audiophile heresy: my $105 system... [Archive] - Audio & Video Forums


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08-23-2006, 02:43 PM
got the last piece of the all-battery powered system today when the Sonic Impact T-amp arrived from partsexpress - roughly $40 with shipping. I haven't stopped giggling. I took a chance on the Insignia 6.5" speakers at BestBuy when they were on sale for $34.99. It turned out not to be a risk at all. They were in my main system for no more than 30 mins. and won't be going back, but I needed a pair of speakers for an old integrated amp. Then I began to think of other uses for them. They're 8ohm w/90dB sensitivity so they must be pretty easy to drive.

I was playing with the idea of a battery powered system for when we have extended power outtages in our area due to bad weather. I was aware of the SI T-amp, but didn't take it too seriously until I got the Insignias. As always, I got ahead of myself and snagged a nos optimus portable cdp w/line out on Ebay - just under $30 including shipping. Now that I had 2 pieces of the puzzle, I had to commit to the T-amp.

First of all, I had my doubts that it would even drive the speakers to audible levels. Let's just say that when cranked to the 11:00 positition and beyond this little thing let's you hear everything - bass, treble and especially midrange. The bass is a little soft compared to the old Sansui integrated that had the Insignias first. But it's a pleasant softness rather than a "something's missing" softness. The midrange may be emphasized just a tad but it's lush. Vocals, even those from tired old barroom brawlers like Waylon Jennings, sound smooth. The highs are sweet without any harshness in the treble and the air - like the reverb on Buck Owens's vocal intro to Rollin' in My Sweet Baby's Arms (I know, I put on the first thing I could grab) - is abundant. To put things in perspective I'll say that I've only listened to this track in my car, but I've never heard the reverberation so strongly. I only suspected it was there (heard it faintly I guess) when listening to my car system.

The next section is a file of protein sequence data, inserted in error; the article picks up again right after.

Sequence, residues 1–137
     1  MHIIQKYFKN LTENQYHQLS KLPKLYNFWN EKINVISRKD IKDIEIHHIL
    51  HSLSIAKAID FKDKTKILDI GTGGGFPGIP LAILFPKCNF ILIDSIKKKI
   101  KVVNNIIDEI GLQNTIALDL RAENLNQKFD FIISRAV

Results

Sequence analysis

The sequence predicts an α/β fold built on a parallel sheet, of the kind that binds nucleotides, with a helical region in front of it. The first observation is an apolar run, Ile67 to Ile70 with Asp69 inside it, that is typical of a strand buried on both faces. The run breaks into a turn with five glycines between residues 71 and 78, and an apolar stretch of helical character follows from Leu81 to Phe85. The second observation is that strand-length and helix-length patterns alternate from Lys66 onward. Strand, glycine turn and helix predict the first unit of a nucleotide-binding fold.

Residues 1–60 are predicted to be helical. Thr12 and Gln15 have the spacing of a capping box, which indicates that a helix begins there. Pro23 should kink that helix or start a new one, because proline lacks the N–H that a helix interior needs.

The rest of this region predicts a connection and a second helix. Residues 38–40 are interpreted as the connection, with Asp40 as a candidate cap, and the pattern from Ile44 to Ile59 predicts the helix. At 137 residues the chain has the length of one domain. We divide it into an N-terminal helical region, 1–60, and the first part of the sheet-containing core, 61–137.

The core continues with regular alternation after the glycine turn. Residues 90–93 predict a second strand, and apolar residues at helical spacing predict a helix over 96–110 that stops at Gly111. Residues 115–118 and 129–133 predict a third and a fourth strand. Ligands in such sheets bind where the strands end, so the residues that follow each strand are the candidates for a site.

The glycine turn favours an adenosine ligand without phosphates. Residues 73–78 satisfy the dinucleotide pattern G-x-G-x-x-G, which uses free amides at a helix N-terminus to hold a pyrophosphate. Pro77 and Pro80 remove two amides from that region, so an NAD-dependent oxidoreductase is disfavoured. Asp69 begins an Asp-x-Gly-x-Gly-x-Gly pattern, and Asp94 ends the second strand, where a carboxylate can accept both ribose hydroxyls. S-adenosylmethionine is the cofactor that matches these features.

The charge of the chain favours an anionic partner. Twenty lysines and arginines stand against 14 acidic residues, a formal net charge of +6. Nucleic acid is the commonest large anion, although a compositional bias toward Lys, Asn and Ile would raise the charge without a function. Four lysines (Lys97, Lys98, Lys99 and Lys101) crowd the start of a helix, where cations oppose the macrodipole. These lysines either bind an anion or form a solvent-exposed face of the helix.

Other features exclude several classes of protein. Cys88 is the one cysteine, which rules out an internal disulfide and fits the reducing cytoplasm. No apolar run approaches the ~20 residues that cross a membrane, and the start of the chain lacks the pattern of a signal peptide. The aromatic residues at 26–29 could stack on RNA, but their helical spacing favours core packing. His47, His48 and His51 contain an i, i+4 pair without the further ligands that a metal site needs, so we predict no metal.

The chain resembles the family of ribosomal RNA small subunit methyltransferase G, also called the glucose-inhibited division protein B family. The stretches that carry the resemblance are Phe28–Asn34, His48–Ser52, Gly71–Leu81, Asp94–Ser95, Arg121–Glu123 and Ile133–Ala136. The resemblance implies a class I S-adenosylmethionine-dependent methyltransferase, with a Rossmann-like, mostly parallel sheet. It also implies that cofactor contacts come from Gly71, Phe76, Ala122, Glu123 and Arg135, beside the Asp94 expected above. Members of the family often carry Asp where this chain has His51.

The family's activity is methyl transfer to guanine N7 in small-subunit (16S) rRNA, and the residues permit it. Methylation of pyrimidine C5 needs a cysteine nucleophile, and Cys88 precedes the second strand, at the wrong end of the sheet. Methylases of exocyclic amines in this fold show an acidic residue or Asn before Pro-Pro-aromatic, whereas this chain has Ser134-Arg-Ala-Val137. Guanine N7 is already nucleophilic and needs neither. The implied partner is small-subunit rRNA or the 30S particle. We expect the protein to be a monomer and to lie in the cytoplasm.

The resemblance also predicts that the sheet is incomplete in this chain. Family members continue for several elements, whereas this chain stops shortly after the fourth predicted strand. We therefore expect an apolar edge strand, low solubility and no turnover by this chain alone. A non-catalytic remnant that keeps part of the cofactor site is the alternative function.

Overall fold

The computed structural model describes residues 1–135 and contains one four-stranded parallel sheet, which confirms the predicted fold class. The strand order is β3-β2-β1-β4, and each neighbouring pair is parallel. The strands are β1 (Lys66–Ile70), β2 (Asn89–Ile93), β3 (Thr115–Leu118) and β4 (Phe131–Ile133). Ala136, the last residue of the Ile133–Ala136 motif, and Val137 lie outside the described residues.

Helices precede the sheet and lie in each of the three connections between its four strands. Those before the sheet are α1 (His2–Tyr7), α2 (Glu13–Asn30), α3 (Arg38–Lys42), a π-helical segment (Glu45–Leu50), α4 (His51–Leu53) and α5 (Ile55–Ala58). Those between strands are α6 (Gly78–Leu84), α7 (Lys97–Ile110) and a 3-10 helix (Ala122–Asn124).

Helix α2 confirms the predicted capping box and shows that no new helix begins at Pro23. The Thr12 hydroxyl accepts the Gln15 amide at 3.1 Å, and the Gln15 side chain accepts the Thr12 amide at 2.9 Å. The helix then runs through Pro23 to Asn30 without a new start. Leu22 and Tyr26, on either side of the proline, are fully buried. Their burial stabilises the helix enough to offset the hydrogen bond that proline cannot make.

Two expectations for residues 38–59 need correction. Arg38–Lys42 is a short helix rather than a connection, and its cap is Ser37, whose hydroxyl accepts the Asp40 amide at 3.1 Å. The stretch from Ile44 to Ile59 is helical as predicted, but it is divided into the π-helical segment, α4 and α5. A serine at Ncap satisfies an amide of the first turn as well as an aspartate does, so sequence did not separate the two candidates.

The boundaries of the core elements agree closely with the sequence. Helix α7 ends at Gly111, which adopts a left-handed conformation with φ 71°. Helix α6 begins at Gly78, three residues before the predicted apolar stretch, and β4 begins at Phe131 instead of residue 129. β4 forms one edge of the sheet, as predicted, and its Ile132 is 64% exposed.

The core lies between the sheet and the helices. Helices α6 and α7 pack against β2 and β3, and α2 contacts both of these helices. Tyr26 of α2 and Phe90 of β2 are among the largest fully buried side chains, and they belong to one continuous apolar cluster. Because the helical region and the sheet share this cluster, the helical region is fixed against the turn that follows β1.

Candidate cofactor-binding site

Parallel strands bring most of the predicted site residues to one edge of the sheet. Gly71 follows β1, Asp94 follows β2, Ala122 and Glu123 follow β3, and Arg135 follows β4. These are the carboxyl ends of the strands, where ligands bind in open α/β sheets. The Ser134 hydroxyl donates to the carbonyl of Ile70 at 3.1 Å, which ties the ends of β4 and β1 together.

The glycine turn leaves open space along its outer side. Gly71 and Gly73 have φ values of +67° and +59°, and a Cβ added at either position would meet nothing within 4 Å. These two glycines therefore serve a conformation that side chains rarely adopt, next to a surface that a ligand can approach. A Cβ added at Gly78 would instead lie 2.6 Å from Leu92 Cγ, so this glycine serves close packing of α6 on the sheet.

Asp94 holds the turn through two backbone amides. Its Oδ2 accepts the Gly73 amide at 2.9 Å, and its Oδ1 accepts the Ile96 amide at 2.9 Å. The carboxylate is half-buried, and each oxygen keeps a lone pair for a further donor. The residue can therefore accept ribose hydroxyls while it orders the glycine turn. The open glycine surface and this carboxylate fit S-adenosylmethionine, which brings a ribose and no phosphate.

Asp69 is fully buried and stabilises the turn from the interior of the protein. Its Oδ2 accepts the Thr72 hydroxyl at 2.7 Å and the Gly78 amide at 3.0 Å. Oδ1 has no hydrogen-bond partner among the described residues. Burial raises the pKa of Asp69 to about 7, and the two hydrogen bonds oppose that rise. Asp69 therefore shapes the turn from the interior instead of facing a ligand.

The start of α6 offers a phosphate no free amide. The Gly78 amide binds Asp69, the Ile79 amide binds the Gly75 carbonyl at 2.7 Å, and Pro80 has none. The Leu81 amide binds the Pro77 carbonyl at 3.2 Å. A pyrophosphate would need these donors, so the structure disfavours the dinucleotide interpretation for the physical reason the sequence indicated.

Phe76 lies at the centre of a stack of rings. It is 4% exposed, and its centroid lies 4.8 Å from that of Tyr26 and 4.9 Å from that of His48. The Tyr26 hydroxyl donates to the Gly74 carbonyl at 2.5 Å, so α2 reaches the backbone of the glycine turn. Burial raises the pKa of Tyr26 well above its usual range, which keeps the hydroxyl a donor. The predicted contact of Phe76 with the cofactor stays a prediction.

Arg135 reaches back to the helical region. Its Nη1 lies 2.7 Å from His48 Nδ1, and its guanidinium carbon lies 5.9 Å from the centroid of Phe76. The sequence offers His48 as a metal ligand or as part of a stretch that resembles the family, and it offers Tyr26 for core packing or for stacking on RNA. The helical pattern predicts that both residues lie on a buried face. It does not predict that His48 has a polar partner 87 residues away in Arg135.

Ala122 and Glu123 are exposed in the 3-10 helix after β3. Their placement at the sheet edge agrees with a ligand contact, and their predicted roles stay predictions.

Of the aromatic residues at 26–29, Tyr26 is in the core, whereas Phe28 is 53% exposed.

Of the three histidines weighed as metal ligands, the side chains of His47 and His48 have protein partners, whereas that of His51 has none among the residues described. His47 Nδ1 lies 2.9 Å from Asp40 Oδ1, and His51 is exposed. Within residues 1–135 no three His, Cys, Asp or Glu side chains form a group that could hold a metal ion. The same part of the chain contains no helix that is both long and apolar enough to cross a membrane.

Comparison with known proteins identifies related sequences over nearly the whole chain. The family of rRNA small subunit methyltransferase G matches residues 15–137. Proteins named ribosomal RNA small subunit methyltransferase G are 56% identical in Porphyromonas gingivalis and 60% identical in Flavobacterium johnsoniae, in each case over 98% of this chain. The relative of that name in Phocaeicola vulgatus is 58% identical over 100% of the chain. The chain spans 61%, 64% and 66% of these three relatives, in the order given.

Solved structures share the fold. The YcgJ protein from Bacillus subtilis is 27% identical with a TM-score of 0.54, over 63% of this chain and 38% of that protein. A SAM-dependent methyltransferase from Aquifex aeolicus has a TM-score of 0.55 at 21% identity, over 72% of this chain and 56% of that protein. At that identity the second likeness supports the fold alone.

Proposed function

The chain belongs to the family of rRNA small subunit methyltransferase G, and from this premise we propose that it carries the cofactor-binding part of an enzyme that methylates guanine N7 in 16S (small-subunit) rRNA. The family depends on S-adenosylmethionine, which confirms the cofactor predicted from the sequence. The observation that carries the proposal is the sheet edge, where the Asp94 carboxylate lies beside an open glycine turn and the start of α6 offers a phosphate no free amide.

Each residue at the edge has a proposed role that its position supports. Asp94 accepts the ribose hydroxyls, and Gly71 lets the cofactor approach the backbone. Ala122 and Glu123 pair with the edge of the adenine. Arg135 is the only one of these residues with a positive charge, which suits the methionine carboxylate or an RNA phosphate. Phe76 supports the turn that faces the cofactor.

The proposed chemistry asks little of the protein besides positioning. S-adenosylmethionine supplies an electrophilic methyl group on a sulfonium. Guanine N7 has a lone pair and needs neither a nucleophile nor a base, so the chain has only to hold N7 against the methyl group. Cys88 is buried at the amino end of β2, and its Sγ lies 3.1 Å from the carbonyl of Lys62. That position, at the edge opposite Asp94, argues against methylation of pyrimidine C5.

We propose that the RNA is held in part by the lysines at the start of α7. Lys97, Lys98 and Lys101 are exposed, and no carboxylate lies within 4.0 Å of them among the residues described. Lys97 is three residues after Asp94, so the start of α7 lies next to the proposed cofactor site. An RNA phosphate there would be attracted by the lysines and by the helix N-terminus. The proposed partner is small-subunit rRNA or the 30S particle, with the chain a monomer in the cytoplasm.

This is just too much fun! Now all I need is time to play.

Resident Loser
08-24-2006, 03:57 AM
...goes to prove, you don't need to spend huge amounts of money or add an addition to your house to enjoy the hobby...Better than 90% of the performance levels achieved by a full-blown, b@!!$-to-the-wall SOTA rig can be had for incredibly small amounts of cash.

I have an old (when SONY was SONY) three C-cell multi-band portable with a one watt output and auxl.'s connected to a Realistic speaker (equally as old)'s not gonna' knock down walls, but used in a near-field scenario and within it's limits, it provides clean and balanced (if mono) sound...

jimHJJ(...and after all, it's the music that matters...)

08-25-2006, 07:08 PM
I have a the Sonic Impact Super T, which is a tweaked out version of the SI 5066 (the one you have). There is a website that has thread upon thread dedicated to tweaking your little amp into doing amazing things. Most importantly, the first focus was to improve the bass output. Then later on upgrade things like input jacks, speaker binding posts, etc. Hell, most guys just put the tiny circuit card (about the size of a credit card) into a larger case to facilitate a better volume knob, larger input capacitors (power supply), RCA jacks, the whole nine yards. Me? I'm lazy, so when I saw the Super T on Ebay for $100, I jumped on it. It basically has all the tweaks I mentioned before. In fact, here's some links discussing the amps.

Your amp:

and the Super T:

I'm a DIY speaker builder and I've been using the Super T for a few months now. I never ever was 'gear' oriented person at all, dismissing isopods and antistatic mats and $100 signal cables. And like some here I thought all SS amps were vertually the same, never heard a difference from one to another, except in power output. I can't tell you how hard it is to design a speaker, only to have it sound like crap, cuz of crappy power. (I've since ditched the so-called 50wpc Kenwood receiver I was using).

The T-amps are a whole other world. The Sonic Impacts are rated at 15 watts per channel, at 10% distortion. They are more realistically rated only 6 watts rms per channel into 8 ohms at .01% distortion. Sounds pathetic, but they have dynamic that you wouldn't believe unless you heard it yourself. The midrange is superb, while the treble can be a tad strident on some material. They sound great with my DIY speakers, since by design, my speakers are very efficient. The more efficient the speaker, the better this amp sounds. And it can handle a 4 ohm load pretty easily. Yours will sound even better with a 12v to 13v/ 3 amp power supply. With an adequate input signal, my Super T nearly reaches output levels that compete with my 100wpc main amp (when running it off of my main pre-amp). So go ahead, hook it into your main rig. I dare ya.

08-26-2006, 04:44 AM
Thanks, 3-LB. Great reference material!